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Down with Spanish Flu?...don't lose your holiday because of it

View profile for Howard Robson
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We all know that feeling, first day of the holiday and down with a hideous virus. Well, until recently an employee has had to pull up the duvet and hope for better luck next time a holiday comes around, unless their boss is sympathetic says Howard Robson, employment law partner.

A recent European Courtdecision in the Spanish case of ANGED v FASGA has clarified the law relating to the rights of employees and workers to take holiday time they have missed through sickness.

Howard advises, “The position is now clear: the individual can re-schedule their leave and even carry it over to the next year if they have to.  InGreat Britainan employee or worker is entitled to 5.6 weeks’ paid holiday annually which equates to 28 days leave including public holidays for a full time person. This entitlement is governed by the rather complex Working Time Regulations from 1998, yet despite their complexity they still don’t cover this situation.”

In an earlier Spanish case of Pereda v Madrid Movilidad SA theEuropean Court decided that, where an employee or worker’s prearranged legal minimum leave coincides with a period of sickness absence, European law requires that they have the option to designate an alternative period for the annual leave entitlement.  If necessary, the person is entitled to carry that period over to the next leave year and any employer preventing them doing so is acting illegally.

Howard warns, “A breach of that right might give rise to a claim for unfair dismissal and compensation. TheUKregulations are not specific about carrying over holiday entitlement but employment tribunals must interpretUKlaw to give effect to employee and workers EU rights.”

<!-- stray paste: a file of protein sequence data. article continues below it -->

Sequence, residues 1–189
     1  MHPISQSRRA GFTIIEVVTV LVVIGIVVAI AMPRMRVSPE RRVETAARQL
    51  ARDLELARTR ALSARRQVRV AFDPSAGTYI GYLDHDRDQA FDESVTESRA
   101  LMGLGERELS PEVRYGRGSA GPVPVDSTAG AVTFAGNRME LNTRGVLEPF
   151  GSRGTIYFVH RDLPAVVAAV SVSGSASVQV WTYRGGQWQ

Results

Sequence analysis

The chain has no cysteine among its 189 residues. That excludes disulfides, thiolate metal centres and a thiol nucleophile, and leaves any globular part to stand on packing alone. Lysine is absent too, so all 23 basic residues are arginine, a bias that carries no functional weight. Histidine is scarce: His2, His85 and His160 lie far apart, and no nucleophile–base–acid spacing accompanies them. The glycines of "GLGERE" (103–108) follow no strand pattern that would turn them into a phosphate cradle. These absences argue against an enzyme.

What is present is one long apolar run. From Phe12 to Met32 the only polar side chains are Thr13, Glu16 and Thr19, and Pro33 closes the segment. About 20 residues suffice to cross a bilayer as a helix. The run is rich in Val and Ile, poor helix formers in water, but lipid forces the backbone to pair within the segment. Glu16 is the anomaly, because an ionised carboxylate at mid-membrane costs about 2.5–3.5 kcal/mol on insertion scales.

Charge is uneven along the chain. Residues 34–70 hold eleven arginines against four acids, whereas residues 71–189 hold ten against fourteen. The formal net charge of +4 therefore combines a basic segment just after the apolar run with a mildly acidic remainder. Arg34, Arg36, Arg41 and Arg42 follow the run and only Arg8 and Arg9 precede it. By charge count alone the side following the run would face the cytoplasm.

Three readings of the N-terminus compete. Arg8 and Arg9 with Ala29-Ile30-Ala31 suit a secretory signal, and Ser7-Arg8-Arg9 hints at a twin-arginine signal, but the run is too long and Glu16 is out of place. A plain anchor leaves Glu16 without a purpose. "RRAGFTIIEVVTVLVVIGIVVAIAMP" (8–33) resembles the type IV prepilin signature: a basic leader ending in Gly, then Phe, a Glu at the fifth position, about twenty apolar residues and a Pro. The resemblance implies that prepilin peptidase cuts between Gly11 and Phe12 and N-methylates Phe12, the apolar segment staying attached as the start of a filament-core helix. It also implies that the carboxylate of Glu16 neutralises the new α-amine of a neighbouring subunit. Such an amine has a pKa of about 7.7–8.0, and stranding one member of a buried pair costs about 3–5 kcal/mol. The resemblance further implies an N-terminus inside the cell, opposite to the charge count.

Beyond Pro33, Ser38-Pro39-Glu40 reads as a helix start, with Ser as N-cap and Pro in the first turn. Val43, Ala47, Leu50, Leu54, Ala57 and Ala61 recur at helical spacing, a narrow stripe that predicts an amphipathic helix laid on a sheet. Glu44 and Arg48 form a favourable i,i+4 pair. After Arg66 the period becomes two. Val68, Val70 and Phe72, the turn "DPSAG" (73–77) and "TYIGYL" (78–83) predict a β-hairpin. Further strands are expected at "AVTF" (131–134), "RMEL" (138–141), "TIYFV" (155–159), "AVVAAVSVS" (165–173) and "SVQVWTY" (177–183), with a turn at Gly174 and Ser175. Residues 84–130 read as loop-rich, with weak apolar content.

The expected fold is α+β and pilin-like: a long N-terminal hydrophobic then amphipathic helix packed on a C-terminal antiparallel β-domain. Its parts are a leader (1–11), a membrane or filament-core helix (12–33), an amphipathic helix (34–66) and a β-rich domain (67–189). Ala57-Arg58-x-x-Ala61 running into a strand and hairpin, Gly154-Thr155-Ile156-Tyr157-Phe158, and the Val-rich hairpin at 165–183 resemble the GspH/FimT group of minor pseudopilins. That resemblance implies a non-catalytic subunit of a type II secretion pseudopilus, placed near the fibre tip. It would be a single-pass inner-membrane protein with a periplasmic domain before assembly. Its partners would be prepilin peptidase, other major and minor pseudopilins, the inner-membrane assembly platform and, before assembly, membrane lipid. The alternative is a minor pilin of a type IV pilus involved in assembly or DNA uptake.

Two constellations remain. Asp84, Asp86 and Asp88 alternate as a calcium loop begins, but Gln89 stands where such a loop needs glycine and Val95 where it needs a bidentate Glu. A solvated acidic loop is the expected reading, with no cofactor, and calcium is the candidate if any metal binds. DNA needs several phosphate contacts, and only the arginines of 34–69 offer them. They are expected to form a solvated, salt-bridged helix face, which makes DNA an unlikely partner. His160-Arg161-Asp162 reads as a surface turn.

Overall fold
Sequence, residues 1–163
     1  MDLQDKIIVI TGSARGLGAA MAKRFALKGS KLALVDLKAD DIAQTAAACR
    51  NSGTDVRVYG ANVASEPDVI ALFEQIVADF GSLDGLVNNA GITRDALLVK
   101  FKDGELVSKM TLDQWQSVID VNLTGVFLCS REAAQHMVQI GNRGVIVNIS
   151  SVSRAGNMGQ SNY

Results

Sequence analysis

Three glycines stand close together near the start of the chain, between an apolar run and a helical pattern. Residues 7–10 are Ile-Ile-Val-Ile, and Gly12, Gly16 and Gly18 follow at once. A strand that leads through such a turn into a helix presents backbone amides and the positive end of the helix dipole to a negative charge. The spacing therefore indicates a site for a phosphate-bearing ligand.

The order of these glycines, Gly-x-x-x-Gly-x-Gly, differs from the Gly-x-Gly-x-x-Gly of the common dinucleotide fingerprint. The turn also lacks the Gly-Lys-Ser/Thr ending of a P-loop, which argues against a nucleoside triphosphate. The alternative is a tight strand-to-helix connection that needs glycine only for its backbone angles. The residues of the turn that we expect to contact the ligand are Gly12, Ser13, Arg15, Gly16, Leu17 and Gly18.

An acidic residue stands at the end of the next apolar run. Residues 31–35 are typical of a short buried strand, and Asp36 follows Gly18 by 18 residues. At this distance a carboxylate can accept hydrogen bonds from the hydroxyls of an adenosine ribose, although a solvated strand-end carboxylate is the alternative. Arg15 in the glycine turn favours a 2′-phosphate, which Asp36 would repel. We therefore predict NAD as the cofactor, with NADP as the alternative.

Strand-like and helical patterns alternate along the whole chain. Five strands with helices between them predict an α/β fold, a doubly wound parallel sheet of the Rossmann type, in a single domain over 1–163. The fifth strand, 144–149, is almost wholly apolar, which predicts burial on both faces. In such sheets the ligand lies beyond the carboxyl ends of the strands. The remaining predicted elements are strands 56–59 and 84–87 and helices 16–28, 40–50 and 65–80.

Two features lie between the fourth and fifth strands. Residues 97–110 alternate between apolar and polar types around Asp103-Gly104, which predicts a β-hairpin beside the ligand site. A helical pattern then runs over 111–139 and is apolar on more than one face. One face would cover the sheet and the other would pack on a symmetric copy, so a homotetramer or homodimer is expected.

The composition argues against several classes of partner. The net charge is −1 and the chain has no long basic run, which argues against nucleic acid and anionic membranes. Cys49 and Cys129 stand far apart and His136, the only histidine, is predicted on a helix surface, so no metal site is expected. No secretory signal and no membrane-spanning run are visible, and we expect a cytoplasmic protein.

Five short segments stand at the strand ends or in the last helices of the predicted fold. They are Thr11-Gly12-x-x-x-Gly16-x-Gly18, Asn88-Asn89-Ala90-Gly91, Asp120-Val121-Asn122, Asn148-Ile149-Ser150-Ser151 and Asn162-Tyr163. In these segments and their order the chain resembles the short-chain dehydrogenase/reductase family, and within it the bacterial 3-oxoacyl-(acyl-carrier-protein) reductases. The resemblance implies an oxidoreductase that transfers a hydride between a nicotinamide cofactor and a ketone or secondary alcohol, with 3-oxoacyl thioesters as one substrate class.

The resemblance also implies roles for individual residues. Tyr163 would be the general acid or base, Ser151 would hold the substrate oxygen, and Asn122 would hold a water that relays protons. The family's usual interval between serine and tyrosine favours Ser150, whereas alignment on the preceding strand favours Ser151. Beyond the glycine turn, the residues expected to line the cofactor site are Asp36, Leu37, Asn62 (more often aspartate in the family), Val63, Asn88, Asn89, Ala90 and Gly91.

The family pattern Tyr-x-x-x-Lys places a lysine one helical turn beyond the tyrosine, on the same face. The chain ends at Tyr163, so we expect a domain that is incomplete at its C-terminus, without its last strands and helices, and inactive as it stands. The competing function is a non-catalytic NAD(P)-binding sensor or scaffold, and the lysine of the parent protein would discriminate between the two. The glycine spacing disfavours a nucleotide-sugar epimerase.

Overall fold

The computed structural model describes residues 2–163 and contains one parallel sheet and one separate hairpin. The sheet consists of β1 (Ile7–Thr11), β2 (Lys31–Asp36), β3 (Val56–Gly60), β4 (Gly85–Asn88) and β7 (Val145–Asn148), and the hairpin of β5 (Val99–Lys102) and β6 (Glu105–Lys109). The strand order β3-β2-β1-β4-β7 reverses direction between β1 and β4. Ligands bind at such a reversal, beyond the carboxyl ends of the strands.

In Pereda, the worker concerned went off sick before a planned period of legal minimum annual leave but in the ANGED case theEuropean Courtlooked at the situation where a person falls ill during a period of leave and decided they must also be entitled to reschedule leave which was otherwise lost due to illness.

Howard explains, “The Court reached this decision on the basis that paid annual leave was originally adopted as EU law to address health and safety concerns over employees’ lengthy working hours. The purpose of paid annual leave is to enable a person to enjoy a period of relaxation and leisure; however sick leave is to enable a worker to recover from an illness that has made him or her unfit for work.”

Howard concludes, “These recent decisions may have an impact on both large and small employers especially if a person’s employment subsequently ends. On departure they are entitled to be paid all statutory accrued holiday pay in lieu. That could be a tidy sum, certainly more than a cheap ticket toMarbella!”

Some measures can be taken to minimise the impact of this decision. For further information contact Howard Robsonor the Warner Goodman Commercial team on 02380 717717.

ENDS

This is for information purposes only and is no substitute for, and should not be interpreted as, legal advice.  All content was correct at the time of publishing and we cannot be held responsible for any changes that may invalidate this article.